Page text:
The July/August 2010 issue of Women's Health magazine stated:
Garlic is "an herb that may fight off cancer. People who took a daily garlic capsule — equal to eating one clove — showed a reduction in a process that turns nitrates (such as those found in processed meats or contaminated water) into carcinogens in the body. Source: Analytical Biochemistry"
Once you have garlic in your garden, you'll be surprised how often you'll be harvesting and enjoying it. In the spring are the "green garlic" which emerge from cloves left in the garden (either intentionally or by accident) the previous fall. Next are the garlic scapes -- the immature flower stalks that add flavor to your dishes and whimsy to your garden with their curlicue stalks. August brings an abundance of fat juicy heads of garlic just bursting with flavor. Properly cured and stored, these harvested garlic heads will be an ingredient in many dishes throughout the fall and winter, lasting you until the next year's crops.
At first, large plump heads of garlic alluded us until we learned an important tip: every year select the largest cloves of your harvest to replant in the fall. Year to year the overall size of the heads will become larger.
Our current favorite varieties of garlic are 'Polish Jenn' and 'Montana'. Try different varieties to explore their range of flavor, size, and storage characteristics.
How you prepare garlic affects it's taste and chemical make-up. Read "The Science of Cooking With Garlic" to learn more.
- Cool season crop, planted in the fall and harvested in late summer.
- Buy cloves from a reputable nursery. Using garlic from the grocery store won't be successful..
Planting and Tending
- There are two basic techniques for growing garlic. The Annual Method harvests all the crop at the end of the season (August) and replants a fresh crop in early fall. With the Perennial Method, not all the plants are harvested; some plants are left in place to produce crop the following year.
- Plant in garden in early fall -- typically that's late September or early October for us.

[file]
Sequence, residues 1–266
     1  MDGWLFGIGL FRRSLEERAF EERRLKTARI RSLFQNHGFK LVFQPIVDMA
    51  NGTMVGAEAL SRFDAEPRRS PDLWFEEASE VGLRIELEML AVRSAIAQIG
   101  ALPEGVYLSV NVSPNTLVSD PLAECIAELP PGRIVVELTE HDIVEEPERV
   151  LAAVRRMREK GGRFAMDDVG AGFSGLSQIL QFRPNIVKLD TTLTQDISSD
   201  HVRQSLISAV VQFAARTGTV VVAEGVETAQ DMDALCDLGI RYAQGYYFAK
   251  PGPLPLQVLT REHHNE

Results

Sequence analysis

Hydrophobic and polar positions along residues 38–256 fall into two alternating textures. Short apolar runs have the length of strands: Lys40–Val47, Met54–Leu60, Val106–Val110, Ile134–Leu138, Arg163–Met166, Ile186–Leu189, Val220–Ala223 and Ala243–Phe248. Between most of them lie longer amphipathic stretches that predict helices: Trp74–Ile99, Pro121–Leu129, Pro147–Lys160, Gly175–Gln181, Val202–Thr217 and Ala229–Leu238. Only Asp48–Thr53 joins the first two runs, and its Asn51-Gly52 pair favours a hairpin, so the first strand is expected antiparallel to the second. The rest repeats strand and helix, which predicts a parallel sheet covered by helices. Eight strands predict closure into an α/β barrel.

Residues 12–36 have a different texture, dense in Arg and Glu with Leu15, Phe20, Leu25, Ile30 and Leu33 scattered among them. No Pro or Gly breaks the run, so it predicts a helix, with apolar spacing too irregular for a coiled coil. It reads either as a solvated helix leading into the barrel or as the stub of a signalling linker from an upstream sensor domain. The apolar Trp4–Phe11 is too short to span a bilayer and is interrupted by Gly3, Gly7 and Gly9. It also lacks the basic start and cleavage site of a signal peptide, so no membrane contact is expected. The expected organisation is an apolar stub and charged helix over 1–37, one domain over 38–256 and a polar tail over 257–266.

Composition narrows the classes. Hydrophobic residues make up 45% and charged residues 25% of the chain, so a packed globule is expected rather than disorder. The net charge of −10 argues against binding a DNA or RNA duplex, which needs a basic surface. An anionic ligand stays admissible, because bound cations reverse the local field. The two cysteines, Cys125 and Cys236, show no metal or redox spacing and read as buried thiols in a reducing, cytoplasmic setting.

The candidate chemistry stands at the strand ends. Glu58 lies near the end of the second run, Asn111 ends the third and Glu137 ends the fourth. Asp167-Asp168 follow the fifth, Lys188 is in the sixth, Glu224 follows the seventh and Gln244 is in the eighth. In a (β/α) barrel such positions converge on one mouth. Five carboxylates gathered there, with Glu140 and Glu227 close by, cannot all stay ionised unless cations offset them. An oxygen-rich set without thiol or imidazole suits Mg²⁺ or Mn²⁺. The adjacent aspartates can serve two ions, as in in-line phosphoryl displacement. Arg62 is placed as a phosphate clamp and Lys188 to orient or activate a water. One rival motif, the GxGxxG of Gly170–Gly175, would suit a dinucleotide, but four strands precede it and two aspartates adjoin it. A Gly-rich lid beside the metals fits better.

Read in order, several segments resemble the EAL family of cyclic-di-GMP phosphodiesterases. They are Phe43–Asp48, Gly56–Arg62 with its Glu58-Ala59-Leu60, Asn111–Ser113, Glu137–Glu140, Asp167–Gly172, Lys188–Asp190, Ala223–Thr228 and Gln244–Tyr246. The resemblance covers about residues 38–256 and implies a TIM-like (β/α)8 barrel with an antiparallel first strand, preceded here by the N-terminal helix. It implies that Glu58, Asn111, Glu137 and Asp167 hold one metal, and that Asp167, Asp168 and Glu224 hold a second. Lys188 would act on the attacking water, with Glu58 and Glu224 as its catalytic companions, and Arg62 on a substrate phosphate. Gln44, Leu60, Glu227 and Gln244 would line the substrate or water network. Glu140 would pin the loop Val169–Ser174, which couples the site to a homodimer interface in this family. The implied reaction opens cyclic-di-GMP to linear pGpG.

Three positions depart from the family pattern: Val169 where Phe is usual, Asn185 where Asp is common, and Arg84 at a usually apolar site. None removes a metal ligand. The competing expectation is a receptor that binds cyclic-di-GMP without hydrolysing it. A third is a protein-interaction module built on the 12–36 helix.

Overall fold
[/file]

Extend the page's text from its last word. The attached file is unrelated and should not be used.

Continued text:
- Plant cloves 1-2” deep (pointed end UP), with 3 to 6 inches between plants.
- Keep free of weeds.
- Do not provide supplemental water during the summer unless it's been an unusually dry season.
- Light feeder. To fertilize, use compost and liquid seaweed extract.
- Remove (and enjoy eating) the flower scapes when they are still immature. Cut any remaining flower buds so that energy is redirected to the bulb.
- Harvest and cure all plants in late summer (typically late August), OR use the Perennial Method and only harvest the largest of the bulbs (enough for your consumption over the fall and winter) and leave the smaller plants to return the following year.
- If using the Perennial Method, spread a 3-4" leaf mulch over the beds in October.
- Harvest in late summer when the plants are fully matured and the tops no longer green.
- Use a tool to dig them out. The tops usually are not strong enough to pull the plants out by. Be careful not to bruise the heads -- it encourages mold and shortens the storage life.
- Let the harvested bulbs air dry in a dry place out of the sun, but with indirect light. We place ours near an open garage door or just inside a shed. Full air circulation for 2 weeks is necessary for complete drying and curing.
- Once dried, cut the tops leaving 1 to 2 inches.
- Do not try to store bulbs that are bruised, cut or have green tops.
- Store indoors in a dry place away from potatoes, and cover with a kitchen towel to keep them dark.
- First use any heads where the cloves are separating from each other.
- Check regularly and use or discard any that begin to soften or rot.
Companion PlantingHelpful companion throughout most of th garden. Repels japanese beetle, aphids and many other pests.
- Plant near:
- Do not plant near:
Visit the Vegtables Forum at GreatLakesGardeners.com to get answers to your growing vegetables questions. To ask a new question, Register if you haven't already done so(it's free and helps protect the forum from spam), click on Start New Topic, enter your question and click on Post New Topic.
You may also appreciate these books on growing vegetable gardens.